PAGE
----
First, outrigger pads should be used under all outriggers in all surface conditions. If you purchase an aerial device today, it is likely to come with synthetic outrigger pads. They should not be relegated to use in sandy areas only. Bucket truck and digger derrick operating rules often call out setting up on manufacturer-provided outrigger pads. Cribbing (dunnage) is additional support used under an auxiliary outrigger pad. It is added in muddy conditions and stacked to achieve leveling on sloped ground. Cribbing is convenient to add additional size because you can build a 4-foot-by-4-foot pad over a soft spot or mud without having to cart around a 4-foot-square, 200-pound auxiliary outrigger pad. Cribbing also comes out of mud easier (tie a rope to one end) than a 3- or 4-foot-square outrigger pad, and it can be used to raise a pad to level a truck. During my time as a safety director for construction, I would survey the site before mobilization. If we weren’t using crane mats, I would frequently identify a local sawmill that could run a truckload of 3-foot 4x4s to keep on-site for our cranes and buckets used to perform transmission construction. These green wood dunnage pieces are inexpensive, environmentally friendly and can be left behind or given away when no longer needed. They also become a handy goodwill tool for the people you have been inconveniencing for the last few months, although there are rarely any left because lineworkers tend to burn them during winter for heat in the laydown area.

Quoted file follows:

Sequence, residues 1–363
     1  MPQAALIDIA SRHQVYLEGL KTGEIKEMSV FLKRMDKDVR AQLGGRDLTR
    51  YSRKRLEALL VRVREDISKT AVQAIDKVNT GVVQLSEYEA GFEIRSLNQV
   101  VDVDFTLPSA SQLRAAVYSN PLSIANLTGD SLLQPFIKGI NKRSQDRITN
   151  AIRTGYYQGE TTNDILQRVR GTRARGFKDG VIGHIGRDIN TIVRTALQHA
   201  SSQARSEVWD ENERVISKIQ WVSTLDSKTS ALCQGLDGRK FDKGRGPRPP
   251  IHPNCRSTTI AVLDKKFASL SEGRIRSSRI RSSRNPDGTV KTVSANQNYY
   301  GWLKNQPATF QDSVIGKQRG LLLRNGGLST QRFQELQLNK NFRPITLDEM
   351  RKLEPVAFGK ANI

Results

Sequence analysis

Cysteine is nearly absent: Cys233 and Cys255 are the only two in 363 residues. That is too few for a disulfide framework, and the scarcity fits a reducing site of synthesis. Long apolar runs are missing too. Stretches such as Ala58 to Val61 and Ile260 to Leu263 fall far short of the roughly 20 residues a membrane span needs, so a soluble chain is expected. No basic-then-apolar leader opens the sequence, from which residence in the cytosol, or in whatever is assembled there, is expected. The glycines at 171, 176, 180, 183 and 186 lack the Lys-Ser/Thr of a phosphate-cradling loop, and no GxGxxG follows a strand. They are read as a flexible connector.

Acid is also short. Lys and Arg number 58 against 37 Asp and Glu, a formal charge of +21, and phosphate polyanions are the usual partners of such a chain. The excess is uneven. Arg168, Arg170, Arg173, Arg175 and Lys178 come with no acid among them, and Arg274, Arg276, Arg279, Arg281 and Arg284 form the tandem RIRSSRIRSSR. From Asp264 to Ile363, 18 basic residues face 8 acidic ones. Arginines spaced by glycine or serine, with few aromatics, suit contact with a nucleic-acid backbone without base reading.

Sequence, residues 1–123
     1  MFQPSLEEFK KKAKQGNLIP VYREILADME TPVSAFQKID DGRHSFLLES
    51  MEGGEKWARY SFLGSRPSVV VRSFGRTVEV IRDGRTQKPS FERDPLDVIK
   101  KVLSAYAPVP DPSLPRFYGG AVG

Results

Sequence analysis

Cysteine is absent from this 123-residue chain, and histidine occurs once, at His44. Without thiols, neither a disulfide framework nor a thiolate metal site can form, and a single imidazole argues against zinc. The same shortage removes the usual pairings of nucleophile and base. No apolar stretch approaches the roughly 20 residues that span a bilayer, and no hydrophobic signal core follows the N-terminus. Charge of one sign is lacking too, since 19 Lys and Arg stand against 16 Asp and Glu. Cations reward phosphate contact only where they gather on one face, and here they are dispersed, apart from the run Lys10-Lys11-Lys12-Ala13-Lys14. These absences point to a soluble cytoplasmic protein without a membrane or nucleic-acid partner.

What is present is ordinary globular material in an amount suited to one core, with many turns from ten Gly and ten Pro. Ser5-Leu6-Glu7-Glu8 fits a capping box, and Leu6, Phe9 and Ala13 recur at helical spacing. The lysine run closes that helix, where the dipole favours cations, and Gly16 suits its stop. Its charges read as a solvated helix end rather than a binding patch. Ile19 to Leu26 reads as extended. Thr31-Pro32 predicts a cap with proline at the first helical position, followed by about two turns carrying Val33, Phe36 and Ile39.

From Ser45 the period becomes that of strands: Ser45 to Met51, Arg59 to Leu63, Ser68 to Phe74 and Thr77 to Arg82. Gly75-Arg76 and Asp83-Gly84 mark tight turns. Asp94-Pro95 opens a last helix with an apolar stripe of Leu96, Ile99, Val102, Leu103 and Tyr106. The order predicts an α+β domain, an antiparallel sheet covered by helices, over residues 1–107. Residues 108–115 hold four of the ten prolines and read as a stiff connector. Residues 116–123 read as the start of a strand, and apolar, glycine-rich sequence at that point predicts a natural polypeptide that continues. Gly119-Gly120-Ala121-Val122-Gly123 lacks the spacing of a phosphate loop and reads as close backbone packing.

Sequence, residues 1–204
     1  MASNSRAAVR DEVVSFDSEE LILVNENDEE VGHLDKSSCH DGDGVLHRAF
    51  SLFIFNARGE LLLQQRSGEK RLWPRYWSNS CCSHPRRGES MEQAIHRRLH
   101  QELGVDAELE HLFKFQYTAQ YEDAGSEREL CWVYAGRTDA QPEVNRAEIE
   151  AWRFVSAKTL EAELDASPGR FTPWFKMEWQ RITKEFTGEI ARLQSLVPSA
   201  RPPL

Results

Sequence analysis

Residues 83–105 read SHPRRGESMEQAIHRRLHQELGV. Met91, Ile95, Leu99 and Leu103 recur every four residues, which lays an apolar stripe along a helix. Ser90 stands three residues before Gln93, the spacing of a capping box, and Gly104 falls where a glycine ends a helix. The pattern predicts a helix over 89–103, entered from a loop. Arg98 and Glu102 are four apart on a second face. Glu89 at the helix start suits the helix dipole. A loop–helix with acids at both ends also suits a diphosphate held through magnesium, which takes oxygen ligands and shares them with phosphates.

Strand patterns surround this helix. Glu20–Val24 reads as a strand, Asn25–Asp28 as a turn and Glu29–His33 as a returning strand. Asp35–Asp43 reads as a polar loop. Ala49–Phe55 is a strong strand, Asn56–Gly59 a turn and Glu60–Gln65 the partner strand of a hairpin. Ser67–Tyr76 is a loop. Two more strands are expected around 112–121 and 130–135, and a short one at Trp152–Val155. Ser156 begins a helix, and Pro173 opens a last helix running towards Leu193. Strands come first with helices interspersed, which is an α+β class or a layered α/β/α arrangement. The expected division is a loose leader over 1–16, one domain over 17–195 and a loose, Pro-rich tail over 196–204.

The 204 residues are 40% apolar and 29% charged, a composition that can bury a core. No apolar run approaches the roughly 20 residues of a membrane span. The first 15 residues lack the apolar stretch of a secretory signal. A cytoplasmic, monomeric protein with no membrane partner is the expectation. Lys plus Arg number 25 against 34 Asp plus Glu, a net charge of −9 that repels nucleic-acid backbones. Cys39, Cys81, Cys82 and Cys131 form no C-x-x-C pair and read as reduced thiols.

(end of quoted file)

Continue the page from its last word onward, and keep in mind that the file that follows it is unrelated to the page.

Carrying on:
Below is a table that offers guidance on minimum cribbing lengths for digger derricks, bucket trucks and light boom trucks when supplementing factory outriggers with built-up pads or when providing additional support for factory-provided pads. There is no guarantee this table is foolproof since it relies on the proper performance of certain ground conditions. However, after years of following these guidelines, they seem to work well since no bucket or derrick I was overseeing failed to remain upright. Check your operator manuals and you likely will find similar guidance. This table is based on the widths of outrigger feet and a pad dimension increased safety factor of 2.5.

Note: Minimum cribbing lengths shall be 2.5 times the width of the digger derrick/truck crane outrigger foot. Use this table to select minimum lengths of cribbing planks.

Cribbing Under Pads